9. Stay hydrated.

I try to drink around a liter before starting the hike. Carrying water inside is easier than on your back and will keep you hydrated at the beginning of your hike. Bring plenty of water but not too much. At 2 pounds per liter, water is the heaviest thing in your pack. Every individual has different needs, but as a rule of thumb, I bring 1 liter for every 2 hours of hiking. It will probably take you 3-4 hours to hike your first peak so bring 2-3 liters. I recommend a water bladder like a Camelback.

10. Take snack breaks often.

You can easily burn 4,000 to 7,000 calories on a hiking day. Make sure you are munching on your breaks; this will prevent fatigue and give you an energy boost. Peanut M&Ms are one of my favorite. Check out Snack Attack: The Best Food For The Trails for more ideas.

Summit La Plata Peak | Photo: Mike Fennell

11. Push past your initial doubt.

The first half-mile of almost every 14er is super tough. It is steep, you are at a high altitude and you are just getting warm. Your mind will tell you that you can’t do it, but if you push for a bit longer, you will discover that it gets easier.

12. Offer and receive encouragement.

One of the coolest things about hiking a 14er is the immediate bond you create with fellow hikers. On your way up, people coming down will encourage you by telling you how awesome the view is (it really is). Make sure you do the same as you pass fellow hikers on your way down.

13. Take it easy on the way down.

Coming down may feel like a walk in the park after reaching 14,000 feet. Don’t be fooled, your legs will be tired and it’s easier to twist an ankle. Take your time and make it back safe so you can climb your next 14er.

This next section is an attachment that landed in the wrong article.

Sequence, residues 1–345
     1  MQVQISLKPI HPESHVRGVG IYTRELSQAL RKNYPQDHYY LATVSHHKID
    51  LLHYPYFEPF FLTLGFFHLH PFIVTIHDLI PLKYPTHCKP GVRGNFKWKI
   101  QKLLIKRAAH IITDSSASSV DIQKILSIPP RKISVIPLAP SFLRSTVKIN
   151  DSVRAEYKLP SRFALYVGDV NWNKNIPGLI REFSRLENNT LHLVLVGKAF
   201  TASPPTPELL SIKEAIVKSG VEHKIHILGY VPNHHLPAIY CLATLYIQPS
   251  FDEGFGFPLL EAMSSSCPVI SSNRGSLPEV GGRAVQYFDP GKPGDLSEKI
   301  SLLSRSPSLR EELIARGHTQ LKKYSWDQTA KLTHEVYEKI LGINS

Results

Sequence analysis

​​14. Enjoy the summit.

You are on top of the world! This is a big accomplishment, take time to enjoy the view and reflect on your success. High five fellow hikers and trade stories of your adventure.

Summit Mt. Yale | Photo: Chema Domenech

Cover photo: Greg Owens

Please respect the places you find on The Outbound.

Always practice Leave No Trace ethics on your adventures. Be aware of local regulations and don't damage these amazing places for the sake of a photograph. Learn More

We want to acknowledge and thank the past, present, and future generations of all Native Nations and Indigenous Peoples whose ancestral lands we travel, explore, and play on. Always practice Leave No Trace ethics on your adventures and follow local regulations. Please explore responsibly!

Do you love the outdoors?

Yep, us too. That's why we send you the best local adventures, stories, and expert advice, right to your inbox.


Overnighter on the Sonoma Coast

Benjamin Canevari

Journey to Wyoming’s premier snowmobiling destination: Togwotee Mountain Lodge

Samuel Brockway

Hiking in comfort: a review of Danner Mountain 600 Evo boots

Meghan White

A peek through God's window

Heather Arnold

Big Bend Bound: Crafting Your 3-Day Adventure

Erin Newman-Mitchell